Operative procedure: All patients were asked to void before the start of the procedure. General anaesthesia with endotracheal intubation was preferred. The surgeon stood on the contralateral side of the hernia. The head end of the table was slanted down to 15˚ for the establishment of pneumoperitoneum by closed technique. A 10 mm optical port was then placed through the supra-umbilical incision. Two 5 mm ports were placed as working ports for the right and left hand of the surgeon, one on each side, at the level of the umbilicus in the midclavicular line. The hernia was inspected and its type (direct or indirect) established by the position of the defect with respect to the inferior epigastric vessels and cord structures (Figure 1). Contents of the hernial sac, if any, were reduced with the help of atraumatic bowel forceps. The peritoneal incision was started at a point midway between the groin crease and the umbilicus, generally about 2 cm above the internal ring (Figure 2). It extended from above the anterior superior iliac spine to the medial umbilical ligament. The flap was raised by both blunt and sharp dissection from the cephalic to caudal direction (Figure 3). It was easier to raise only the lower flap when compared with raising a lower along with an upper flap. The dissection was continued medially to the symphysis pubis to visualize the space of Retzius. After the medial dissection, the flap was raised lateral to the

Figure 1. Shows laparoscopic view of patulous /defective inguinal ring.

Figure 2. Showing dissection at 2 cm superolateral to deep inguinal ring.

Figure 3. Development of lateral pre-peritoneal pouch.

internal ring up to the anterior superior iliac spine. The hernial sac lies anterior and lateral to the cord structures (Figure 4). The dissection of the sac was performed and obliterated by vicryl endoloop (Figure 5). A polypropylene mesh of 15 cm × 12 cm was used for the repair (Figure 6). The mesh was introduced into the operating field through the 10 mm umbilical port by removing the telescope, after which the telescope was reinserted. Staples were applied over the medial and upper border of the mesh to anchor it to the underlying muscles. Generally three staples were sufficient: one on the medial border and two on the upper border. After placement of the mesh, the peritoneal flap was closed over the mesh to prevent bowel and omental adhesions; this was done with sutures (Figure 7). The carbon dioxide gas was evacuated to empty the abdominal cavity and scrotum. The ports were removed after lifting the anterior abdominal wall. The sheath of the 10 mm port was closed. Skin incisions were closed with simple sutures. In cases of bilateral hernias, we used two separate pieces of mesh that were secured together in the midline. The mesh was placed in the first hernia but the peritoneum was not closed until the other side was completed.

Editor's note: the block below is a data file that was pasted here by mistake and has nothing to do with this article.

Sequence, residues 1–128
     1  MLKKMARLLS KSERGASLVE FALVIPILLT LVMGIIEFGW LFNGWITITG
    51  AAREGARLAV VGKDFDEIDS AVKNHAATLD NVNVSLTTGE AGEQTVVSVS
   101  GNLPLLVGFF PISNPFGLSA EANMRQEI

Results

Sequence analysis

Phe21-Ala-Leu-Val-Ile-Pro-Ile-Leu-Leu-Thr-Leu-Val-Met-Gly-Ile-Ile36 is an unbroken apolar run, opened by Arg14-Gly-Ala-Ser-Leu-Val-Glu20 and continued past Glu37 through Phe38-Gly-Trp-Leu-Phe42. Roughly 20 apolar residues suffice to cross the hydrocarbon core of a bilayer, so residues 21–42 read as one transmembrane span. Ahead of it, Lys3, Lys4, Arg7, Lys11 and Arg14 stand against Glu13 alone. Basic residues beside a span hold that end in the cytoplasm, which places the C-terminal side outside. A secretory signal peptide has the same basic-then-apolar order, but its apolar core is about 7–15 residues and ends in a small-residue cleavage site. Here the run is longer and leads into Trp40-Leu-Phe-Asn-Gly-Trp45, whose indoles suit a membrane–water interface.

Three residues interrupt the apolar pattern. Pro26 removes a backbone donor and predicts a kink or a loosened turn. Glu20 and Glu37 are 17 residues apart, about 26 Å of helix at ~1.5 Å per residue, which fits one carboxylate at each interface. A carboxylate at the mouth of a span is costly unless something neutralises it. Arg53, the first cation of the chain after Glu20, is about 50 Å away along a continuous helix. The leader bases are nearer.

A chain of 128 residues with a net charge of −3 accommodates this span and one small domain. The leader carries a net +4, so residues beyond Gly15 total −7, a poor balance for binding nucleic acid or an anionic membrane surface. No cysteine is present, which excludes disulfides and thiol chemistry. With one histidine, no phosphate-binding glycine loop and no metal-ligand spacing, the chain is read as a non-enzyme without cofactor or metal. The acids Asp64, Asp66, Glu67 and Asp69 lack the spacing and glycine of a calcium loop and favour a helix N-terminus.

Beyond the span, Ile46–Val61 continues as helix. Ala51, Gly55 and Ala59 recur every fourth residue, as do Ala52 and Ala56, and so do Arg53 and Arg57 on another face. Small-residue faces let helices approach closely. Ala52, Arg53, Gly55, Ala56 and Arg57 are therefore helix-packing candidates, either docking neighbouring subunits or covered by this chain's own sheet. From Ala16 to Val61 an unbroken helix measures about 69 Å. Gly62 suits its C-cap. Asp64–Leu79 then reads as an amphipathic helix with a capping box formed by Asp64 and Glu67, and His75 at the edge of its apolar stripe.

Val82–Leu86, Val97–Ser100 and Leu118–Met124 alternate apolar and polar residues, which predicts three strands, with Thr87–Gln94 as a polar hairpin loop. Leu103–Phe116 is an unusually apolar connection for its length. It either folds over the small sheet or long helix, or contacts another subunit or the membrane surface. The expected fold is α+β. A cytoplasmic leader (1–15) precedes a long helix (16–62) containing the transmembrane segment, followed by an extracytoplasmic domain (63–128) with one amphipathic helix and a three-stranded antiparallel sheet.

Postoperative Care

・ Orals were started as soon as the patients started to tolerate them.

・ A second dose of intravenous antibiotics (Ceftriaxone 1 g IV) was given 12 hours after surgery.

・ Analgesics were given on demand only.

Figure 4. Showing separation of sac from cord structures.

Figure 5. Showing endolooping of sac by vicryl.

Figure 6. Showing display of prolene mesh.

Figure 7. Showing V-lock used for repair of peritoneum.

Monitoring of the patient for Pulse, Blood pressure, Temperature, Respiratory rate, urine output (color and quantity), and appearance of bowel sounds and passage of flatus was done. The patients were typically discharged home on 1st postoperative day on tablet Cefuroxime 500 mg BD and tablet diclofenac 25 mg BD for 3 days orally postoperatively. The patients were instructed to avoid heavy lifting for 3 months postoperatively. Patients were followed in the office at 1 week, 4 weeks and 6 months.

3. Results

A total of 130 patients were operated during the study period and the total number of hernias repaired were 140; 10 patients had bilateral hernia repair. Patients included in the study were adults and their ages ranged from 18 to 70 years with a mean age of 39.17 years. Most of the patients were 40 to 49 years of age, 43 patients (33.04%). 5 patients (3.85%) were below the age of 20 years. Patients over the age of 60 years were 11 (8.46%) (Table 1).

There were only 5 (3.85%) female patients in our study with one of them having bilateral hernia. Out of 130 patients 10 had bilateral hernias. Majority of the patients in our study had indirect hernias (as shown in Table 2).

The median duration of operation was 48.5 minutes (range 18 - 120 minutes) for TAAP repair. It was observed that with experience, the learning curve for the laparoscopic inguinal hernia repair shortened that is from the first case which took 120 minutes the duration decreased to 18 minutes in a few later cases of laparoscopic repair. The main complications in our study were post-operative pain, seroma formation and port site infection (as shown in Table 3).

Table 1. Age distribution (n = 130).